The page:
On the book Antoine's Alphabet by Jed Perl
"Nearly three centuries after his death, in 1721, it is hard for us to take the full measure of (Antoine) Watteau’s fascination with commedia dell’arte, with its archetypal characters no longer in circulation, their place in our lives now confined to the curio cabinet, where porcelain figurines of Pierrot and Harlequin strike poses, collecting dust...Perl cites George Sand, who described commedia as 'an uninterrupted tradition of fantastic humor, which is in essence quite serious and, one might almost say, even sad, like every satire that lays bare the spiritual poverty of mankind.' Pierrot and Harlequin are barely recognizable to us now, but Watteau’s audience knew them well, and legends surrounding them survived well into the modern era. Perl calls the roll of the artists and writers since Watteau who have availed themselves of commedia’s timeless themes. The painters: Picasso, Cézanne, Matisse. The poets: Verlaine, Laforgue, Apollinaire and Wallace Stevens. The Sitwells. Schoenberg, the composer of Pierrot Lunaire. The dancers who immortalized the characters: Nijinsky in Fokine’s Carnaval; Edward Villella and Mikhail Baryshnikov in Balanchine’s Harlequinade. Perl sees a kinship among these artists who worked in various forms and cites as one of Watteau’s most notable — and improbable — admirers none other than Samuel Beckett. It has become commonplace lately to cherry-pick artists and writers from prior centuries and extol their 'modern' outlook, long before Modernism was born. But in Watteau’s case, the claim seems justified. 'The waiting, the questioning, the equivocating, the bafflement, the absurdity' — Perl counts these as preoccupations the artist and Samuel Beckett shared, and the poor souls whose fate it is to wait for Godot seem not all that different from the cast of Watteau’s bewildering fêtes champêtres...As a critic, Perl is sensitive to the slightest physical nuance, and Watteau’s penchant for portraying people from the back — even Venus in his Judgment of Paris faces away from the viewer — inspires in Perl an appreciation that is equal parts erotic and poetic. Perl calls the back 'a volte-face face, a second face,' one that 'denies the understanding of a person that is centered on the eyes and the mouth.' 'And this denial,' he continues, 'can be a fascination, a relief, an invitation in its own right. Instead of the eyes and the mouth, there is this monolithic form, this wall of flesh, soft or muscled or softly muscled, dense or delicate, straight or bent, all of which can, in its own way, suggest the essence of a person’s being. This is a face with its own kind of bilateral symmetry: the angled, mirrored shoulder blades; the muscles stretched over the rib cage; the deep, long cleft of the spine.'"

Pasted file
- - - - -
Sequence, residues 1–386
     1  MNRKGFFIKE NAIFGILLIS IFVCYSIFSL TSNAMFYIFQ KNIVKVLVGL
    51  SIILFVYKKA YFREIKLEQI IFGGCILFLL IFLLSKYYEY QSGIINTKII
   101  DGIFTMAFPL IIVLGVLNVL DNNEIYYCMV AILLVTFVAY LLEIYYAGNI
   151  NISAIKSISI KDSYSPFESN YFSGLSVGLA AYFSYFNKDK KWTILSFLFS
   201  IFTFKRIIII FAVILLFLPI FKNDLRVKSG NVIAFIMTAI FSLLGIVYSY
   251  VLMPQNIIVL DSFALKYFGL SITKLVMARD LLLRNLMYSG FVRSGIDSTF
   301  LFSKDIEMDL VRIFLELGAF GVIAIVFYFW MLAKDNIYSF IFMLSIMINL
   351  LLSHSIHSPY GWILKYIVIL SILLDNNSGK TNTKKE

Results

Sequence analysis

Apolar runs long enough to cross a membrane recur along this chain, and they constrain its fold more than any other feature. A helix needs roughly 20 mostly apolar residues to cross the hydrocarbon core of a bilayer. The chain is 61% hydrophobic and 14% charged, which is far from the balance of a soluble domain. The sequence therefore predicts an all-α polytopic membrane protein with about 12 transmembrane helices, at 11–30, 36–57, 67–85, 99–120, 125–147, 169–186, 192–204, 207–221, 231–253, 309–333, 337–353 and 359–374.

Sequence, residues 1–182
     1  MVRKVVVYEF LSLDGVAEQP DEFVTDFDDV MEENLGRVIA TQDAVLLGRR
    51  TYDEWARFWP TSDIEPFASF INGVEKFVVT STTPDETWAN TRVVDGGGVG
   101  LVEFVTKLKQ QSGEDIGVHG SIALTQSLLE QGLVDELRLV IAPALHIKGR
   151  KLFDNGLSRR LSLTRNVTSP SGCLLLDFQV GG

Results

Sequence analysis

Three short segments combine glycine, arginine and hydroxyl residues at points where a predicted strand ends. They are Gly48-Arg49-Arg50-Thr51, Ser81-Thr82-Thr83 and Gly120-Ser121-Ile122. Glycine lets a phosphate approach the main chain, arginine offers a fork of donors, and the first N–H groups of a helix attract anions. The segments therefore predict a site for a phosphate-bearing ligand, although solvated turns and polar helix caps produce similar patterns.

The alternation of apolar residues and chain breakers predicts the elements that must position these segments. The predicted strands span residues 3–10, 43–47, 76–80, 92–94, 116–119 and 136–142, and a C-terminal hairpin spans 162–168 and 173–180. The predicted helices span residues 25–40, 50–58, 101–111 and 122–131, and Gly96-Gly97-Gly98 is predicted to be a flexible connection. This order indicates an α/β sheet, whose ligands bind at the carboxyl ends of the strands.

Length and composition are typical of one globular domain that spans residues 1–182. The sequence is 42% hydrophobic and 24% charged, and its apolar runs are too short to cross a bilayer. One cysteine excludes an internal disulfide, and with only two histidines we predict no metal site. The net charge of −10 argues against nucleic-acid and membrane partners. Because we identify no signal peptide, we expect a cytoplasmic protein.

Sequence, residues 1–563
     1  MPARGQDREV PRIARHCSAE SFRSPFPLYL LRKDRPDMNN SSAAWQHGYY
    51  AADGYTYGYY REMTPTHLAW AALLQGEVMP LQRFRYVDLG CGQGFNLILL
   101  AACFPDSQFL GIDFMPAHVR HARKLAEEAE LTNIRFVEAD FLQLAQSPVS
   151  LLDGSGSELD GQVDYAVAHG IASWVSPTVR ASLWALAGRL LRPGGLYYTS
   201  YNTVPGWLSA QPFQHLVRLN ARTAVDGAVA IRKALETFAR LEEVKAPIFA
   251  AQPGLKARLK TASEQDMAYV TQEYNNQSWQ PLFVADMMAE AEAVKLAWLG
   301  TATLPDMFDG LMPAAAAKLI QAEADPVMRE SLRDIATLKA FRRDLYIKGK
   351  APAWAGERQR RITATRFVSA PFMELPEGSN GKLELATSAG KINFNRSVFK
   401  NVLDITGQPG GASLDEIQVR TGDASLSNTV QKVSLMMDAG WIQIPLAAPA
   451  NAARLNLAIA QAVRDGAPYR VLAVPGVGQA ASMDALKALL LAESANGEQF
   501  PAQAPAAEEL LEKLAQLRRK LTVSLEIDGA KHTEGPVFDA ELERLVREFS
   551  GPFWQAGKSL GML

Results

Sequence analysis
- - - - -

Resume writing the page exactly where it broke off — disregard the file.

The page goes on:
New York Times